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More local attorneys to be used in death penalty cases

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The retention of two private attorneys to assist in the death penalty trial of Kelvin Johnson is the beginning of a trend in the Augusta Judicial Circuit.

For the next 12 to 24 months, the Georgia Public De­fen­der Standards Council will appoint local attorneys to future death penalty cases “in an effort to improve the delivery of services,” according to an Aug. 2 letter from Execu­tive Director Travis Sakri­son to Chief Judge Carlisle Overstreet.

Mon­day was scheduled to be Johnson’s third trial date since his indictment in 2009 in the death of Martha Greene. But last month, the third co-counsel appointed to Johnson’s case said he couldn’t be ready for trial. Superior Court Judge David Roper declared that the Geor­gia Capital Defender Office was “systemically broken” and threatened to remove public defenders from the case.

The office has since contracted seasoned death penalty attorneys Jacque Hawk and Peter John­son to assist in the case. There was also a meeting in Co­lum­bia County involving Pub­lic Defender Kate Mason, District Attorney Ashley Wright, Overstreet, standards council Chairman Ron Cross and Sakrison.

In court, Wright classified the meeting as an “airing of grievances” about issues pertaining to local death penalty cases.

Wright said she discussed “my frustration and inability to get cases into a courtroom” for trial and a “lack of consistent representation” by the defenders’ office. She questioned why nothing had changed since Superior Court Judge Daniel Craig chastised the office last summer for long delays in the case of Tony Grubbs.

Instead of starting Johnson’s trial Monday, Roper presented what he viewed as evidence that the system was broken, and the defenders’ office answered his complaints, contending that it would take more funding from the state Legislature to boost the office’s performance.

“The remedy is not in this courtroom,” Hawk said. “We can’t fix what the Legislature has created and not funded.”

After the hearing, Sakri­son said several measures were in place to improve the quality of work, specifically in the Augusta circuit. Chief among them was the new policy of hiring local counsel. He also said a regional office was opening in Athens, similar to those in Tifton and Brunswick, to eliminate excessive travel between Atlanta and Augusta.

“Going forward, the plan is to look at effectiveness,” he said.

Wright said her goal is to continue pushing the John­son case, which is now planned for trial in January. She said local attorneys will have more incentive to perform diligently because they know the judges in this circuit.

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Riverman1
83642
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Riverman1 08/07/12 - 02:26 pm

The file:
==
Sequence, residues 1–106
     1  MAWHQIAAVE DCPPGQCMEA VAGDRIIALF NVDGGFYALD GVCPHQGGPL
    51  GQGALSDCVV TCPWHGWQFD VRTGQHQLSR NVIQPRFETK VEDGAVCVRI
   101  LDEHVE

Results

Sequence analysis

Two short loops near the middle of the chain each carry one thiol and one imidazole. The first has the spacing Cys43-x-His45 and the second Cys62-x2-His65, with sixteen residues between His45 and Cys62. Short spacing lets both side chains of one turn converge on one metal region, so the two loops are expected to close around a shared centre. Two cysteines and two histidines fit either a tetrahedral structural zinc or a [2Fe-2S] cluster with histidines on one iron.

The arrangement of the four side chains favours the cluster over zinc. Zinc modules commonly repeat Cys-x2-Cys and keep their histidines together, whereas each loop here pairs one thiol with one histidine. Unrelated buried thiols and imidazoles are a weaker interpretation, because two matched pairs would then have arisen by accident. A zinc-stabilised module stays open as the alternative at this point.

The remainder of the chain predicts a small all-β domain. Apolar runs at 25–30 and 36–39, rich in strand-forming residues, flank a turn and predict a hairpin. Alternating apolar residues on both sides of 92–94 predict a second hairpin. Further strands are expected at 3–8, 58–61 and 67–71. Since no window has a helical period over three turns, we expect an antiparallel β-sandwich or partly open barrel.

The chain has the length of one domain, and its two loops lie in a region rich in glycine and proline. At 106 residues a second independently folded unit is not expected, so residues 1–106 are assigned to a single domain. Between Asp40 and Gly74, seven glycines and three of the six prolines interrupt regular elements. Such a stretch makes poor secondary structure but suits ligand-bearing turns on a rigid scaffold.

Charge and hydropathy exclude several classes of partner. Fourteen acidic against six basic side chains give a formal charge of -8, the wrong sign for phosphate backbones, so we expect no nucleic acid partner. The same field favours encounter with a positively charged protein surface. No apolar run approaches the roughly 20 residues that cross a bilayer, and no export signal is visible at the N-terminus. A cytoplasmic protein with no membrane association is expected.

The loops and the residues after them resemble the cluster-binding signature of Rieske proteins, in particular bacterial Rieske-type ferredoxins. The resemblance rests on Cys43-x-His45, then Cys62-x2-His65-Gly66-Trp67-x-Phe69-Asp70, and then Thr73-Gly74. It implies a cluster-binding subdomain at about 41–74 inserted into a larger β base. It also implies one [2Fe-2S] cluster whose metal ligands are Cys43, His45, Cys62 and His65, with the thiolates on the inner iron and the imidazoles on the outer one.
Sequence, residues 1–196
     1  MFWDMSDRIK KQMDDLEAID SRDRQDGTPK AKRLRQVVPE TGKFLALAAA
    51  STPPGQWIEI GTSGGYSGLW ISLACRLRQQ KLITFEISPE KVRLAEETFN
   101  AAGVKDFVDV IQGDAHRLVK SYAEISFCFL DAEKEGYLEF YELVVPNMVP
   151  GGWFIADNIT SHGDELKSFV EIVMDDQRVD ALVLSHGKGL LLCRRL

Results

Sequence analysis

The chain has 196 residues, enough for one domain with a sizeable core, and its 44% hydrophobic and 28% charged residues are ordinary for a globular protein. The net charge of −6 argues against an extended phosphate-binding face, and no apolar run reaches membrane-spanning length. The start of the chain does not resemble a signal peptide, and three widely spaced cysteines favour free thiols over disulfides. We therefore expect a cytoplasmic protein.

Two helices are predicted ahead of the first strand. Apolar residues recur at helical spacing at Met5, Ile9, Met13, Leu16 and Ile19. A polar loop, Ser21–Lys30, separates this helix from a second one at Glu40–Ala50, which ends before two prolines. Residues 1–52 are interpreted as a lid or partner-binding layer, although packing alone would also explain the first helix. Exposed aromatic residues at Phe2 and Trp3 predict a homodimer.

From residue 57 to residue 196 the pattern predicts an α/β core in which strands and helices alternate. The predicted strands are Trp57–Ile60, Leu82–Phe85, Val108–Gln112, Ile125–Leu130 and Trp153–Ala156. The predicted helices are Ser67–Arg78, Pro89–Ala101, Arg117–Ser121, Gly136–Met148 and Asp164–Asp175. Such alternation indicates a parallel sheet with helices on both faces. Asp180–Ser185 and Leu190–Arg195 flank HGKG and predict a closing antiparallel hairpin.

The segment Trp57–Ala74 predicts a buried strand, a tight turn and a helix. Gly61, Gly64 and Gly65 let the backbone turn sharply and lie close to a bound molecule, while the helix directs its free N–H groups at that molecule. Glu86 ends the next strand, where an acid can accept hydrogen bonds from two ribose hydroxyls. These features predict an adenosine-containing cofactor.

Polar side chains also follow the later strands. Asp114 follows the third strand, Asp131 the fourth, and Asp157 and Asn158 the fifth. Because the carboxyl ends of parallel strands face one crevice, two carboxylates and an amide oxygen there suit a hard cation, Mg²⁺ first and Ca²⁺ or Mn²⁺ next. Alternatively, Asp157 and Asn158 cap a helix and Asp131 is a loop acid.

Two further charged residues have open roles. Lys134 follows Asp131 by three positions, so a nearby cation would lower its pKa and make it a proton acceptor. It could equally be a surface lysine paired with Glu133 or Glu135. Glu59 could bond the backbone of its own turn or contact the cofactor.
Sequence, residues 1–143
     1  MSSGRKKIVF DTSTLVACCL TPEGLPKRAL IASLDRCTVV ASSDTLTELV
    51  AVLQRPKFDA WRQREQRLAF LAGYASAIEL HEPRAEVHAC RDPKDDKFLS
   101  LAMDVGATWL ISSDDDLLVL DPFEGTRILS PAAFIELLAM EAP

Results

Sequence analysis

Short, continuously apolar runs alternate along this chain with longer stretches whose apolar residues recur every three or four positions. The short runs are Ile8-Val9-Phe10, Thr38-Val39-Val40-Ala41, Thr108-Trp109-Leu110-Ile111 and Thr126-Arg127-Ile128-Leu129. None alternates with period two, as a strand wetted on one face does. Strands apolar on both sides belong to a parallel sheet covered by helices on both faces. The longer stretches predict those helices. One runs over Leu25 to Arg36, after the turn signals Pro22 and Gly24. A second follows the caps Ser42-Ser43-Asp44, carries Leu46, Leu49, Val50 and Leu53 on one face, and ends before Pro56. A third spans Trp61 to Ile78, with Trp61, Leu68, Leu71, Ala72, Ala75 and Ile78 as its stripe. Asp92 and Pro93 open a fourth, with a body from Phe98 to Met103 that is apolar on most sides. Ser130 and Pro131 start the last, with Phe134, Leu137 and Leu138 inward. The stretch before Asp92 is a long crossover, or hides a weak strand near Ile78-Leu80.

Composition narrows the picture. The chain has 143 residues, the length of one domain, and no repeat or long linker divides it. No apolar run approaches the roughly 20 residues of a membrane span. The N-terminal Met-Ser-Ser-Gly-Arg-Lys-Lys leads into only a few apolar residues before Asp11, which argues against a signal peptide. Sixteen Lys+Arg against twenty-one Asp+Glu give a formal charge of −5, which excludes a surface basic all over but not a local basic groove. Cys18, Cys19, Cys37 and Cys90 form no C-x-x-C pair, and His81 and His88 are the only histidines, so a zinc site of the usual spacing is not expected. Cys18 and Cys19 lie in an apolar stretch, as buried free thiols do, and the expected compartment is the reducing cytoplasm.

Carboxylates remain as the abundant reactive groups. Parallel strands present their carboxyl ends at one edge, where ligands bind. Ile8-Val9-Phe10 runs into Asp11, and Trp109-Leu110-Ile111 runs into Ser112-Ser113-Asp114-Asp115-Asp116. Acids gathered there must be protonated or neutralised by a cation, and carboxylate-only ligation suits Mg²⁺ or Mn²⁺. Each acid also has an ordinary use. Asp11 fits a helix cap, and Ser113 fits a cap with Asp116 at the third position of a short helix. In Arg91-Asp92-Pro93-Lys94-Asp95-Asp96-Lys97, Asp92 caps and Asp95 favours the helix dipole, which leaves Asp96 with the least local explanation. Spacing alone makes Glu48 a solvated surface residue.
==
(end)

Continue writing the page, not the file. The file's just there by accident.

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Get out your wallets.

Get out your wallets. Somebody is going to make a lot of money. I'm reminded of what famed attorney Gerry Spence said when asked how much he got for a murder trial. He answered, "Everything."

I hope the newly hired attorneys don't end up getting everything. If we are going to hiring private capital defense attorneys, we had better figure out a way to pay them.

Little Lamb
45867
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Little Lamb 08/07/12 - 02:30 pm
1
1
Pro Bono

Whatever happened to lawyers who do a certain number of pro bono cases each year as community service?

billcass
782
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billcass 08/07/12 - 02:38 pm
0
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All consuming

Capital cases are all consuming. The Supreme Court has stated "Death is different" in explaining why capital do (and should) take so long to prosecute and so much work to defend. This is not like being appointed to some routine robbery case, that will likely plead out. A capital murder cases essentially means you close your office to any other work for six months to a year. The workload is astounding, and if we are not prepared to fund the defense of these cases, we should not prosecute them as capital cases.

Little Lamb
45867
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Little Lamb 08/07/12 - 02:54 pm
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Shovel Ready

Just declare the case "shovel ready" and TARP can send some funding.

Craig Spinks
817
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Craig Spinks 08/07/12 - 03:24 pm
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KUDOS,

Judge Roper,

for your efforts to place Justice at the heart of our local judicial system.

So doing hasn't made you too popular in the eyes of "The Chief" and his minion.

Riverman1
83642
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Riverman1 08/07/12 - 04:28 pm
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Judge Roper is Doing a Service to the Capital Defender

Actually, Judge Roper is doing a service to the capital defenders. He is saying fund it or do away with it. Nothing to argue with there.

realitycheck09
307
Points
realitycheck09 08/07/12 - 09:54 pm
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Hey Little Lamb -

Do you do your job pro bono? I'm guessing not.

You want lawyers taking on traffic cases or some simple case pro bono. Not a likely two or three week capital murder trial.

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